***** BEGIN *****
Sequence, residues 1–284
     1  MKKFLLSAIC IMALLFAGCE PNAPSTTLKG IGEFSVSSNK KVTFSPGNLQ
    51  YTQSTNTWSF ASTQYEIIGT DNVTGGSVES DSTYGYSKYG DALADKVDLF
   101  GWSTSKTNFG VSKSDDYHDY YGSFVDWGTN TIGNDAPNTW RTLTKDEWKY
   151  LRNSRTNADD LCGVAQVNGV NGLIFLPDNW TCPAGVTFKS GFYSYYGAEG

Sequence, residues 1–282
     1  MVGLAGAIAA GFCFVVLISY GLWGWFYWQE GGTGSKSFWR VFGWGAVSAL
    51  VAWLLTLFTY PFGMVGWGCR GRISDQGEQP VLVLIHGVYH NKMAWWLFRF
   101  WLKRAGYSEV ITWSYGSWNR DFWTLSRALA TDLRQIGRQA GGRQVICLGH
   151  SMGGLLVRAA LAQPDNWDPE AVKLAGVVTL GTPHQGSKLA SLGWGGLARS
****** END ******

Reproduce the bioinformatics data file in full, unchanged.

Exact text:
Sequence, residues 1–284
     1  MKKFLLSAIC IMALLFAGCE PNAPSTTLKG IGEFSVSSNK KVTFSPGNLQ
    51  YTQSTNTWSF ASTQYEIIGT DNVTGGSVES DSTYGYSKYG DALADKVDLF
   101  GWSTSKTNFG VSKSDDYHDY YGSFVDWGTN TIGNDAPNTW RTLTKDEWKY
   151  LRNSRTNADD LCGVAQVNGV NGLIFLPDNW TCPAGVTFKS GFYSYYGAEG

Sequence, residues 1–282
     1  MVGLAGAIAA GFCFVVLISY GLWGWFYWQE GGTGSKSFWR VFGWGAVSAL
    51  VAWLLTLFTY PFGMVGWGCR GRISDQGEQP VLVLIHGVYH NKMAWWLFRF
   101  WLKRAGYSEV ITWSYGSWNR DFWTLSRALA TDLRQIGRQA GGRQVICLGH
   151  SMGGLLVRAA LAQPDNWDPE AVKLAGVVTL GTPHQGSKLA SLGWGGLARS